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Plato and Aristotle from The School of Athens by Raphael


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The term “Lyceum” (ly-SEE-um) is derived from the name of the school near Athens where Aristotle lectured to his students. While the definition varies between countries it normally is used to describe a type of secondary school.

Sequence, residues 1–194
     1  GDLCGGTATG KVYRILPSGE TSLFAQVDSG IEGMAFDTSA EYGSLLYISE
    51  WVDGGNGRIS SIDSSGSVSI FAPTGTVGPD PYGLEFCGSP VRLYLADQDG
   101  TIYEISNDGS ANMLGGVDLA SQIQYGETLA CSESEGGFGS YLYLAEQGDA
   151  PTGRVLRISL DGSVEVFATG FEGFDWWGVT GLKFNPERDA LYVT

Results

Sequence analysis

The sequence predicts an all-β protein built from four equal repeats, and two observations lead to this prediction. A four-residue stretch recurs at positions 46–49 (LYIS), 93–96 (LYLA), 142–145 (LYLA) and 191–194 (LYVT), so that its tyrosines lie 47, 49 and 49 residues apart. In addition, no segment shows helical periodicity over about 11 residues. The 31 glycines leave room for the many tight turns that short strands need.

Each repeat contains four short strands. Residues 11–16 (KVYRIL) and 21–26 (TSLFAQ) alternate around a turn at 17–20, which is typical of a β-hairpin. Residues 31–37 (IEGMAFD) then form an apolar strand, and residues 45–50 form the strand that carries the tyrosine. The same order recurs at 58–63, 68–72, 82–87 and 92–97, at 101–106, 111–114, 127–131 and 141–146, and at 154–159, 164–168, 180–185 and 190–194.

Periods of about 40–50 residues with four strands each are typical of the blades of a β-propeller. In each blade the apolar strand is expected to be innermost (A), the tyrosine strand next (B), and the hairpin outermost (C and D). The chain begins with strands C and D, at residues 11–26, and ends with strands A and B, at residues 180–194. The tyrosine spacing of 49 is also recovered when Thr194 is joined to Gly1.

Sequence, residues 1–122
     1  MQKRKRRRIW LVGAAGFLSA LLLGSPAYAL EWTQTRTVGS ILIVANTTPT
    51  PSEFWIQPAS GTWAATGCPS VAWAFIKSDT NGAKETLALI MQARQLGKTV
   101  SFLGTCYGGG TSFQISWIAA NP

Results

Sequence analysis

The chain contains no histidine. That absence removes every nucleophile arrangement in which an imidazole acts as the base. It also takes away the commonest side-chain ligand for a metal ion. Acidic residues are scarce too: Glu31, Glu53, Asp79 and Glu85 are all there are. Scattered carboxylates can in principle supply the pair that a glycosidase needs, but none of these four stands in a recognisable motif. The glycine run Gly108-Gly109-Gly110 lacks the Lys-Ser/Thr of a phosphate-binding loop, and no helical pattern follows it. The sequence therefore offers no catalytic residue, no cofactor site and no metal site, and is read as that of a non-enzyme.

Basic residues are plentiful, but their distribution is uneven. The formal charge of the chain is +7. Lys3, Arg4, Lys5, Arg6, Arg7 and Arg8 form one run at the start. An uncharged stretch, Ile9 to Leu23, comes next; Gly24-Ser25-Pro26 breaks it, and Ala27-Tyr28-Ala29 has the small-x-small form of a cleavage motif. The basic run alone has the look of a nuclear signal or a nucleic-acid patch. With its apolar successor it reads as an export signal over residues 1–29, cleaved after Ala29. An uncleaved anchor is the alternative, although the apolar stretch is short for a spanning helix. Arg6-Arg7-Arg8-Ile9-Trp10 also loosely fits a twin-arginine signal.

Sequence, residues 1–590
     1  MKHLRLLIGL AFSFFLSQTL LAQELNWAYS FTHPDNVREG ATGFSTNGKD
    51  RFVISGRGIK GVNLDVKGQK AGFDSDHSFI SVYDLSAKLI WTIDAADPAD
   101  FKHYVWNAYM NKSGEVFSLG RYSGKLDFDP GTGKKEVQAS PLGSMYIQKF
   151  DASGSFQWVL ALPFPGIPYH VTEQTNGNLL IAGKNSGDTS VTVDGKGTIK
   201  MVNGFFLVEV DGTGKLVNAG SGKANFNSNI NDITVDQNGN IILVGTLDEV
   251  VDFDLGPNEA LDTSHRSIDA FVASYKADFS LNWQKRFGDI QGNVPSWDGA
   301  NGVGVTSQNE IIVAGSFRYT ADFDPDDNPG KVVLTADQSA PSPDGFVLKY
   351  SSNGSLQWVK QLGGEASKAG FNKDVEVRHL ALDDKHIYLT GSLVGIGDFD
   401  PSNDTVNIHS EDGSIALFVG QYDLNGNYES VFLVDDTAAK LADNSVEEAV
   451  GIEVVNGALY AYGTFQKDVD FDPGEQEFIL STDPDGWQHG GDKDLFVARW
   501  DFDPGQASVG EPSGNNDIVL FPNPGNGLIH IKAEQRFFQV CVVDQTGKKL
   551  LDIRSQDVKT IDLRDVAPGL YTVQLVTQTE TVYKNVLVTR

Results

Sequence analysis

The lyceum is a category of educational institution defined within the education system of many countries, mainly in Europe; however, it does have some roots in the United States.

The largest early adult education program in the U.S., the Lyceum, founded in Milbury, Massachusetts in 1826 by Josiah Holbrook, was a local association of men and women with some schooling who wanted to expand their own education while working to establish a public school system. What became know as the “Lyceum movement” encouraged the development of other adult education institutions such as libraries, evening schools, and endowed lecture series.

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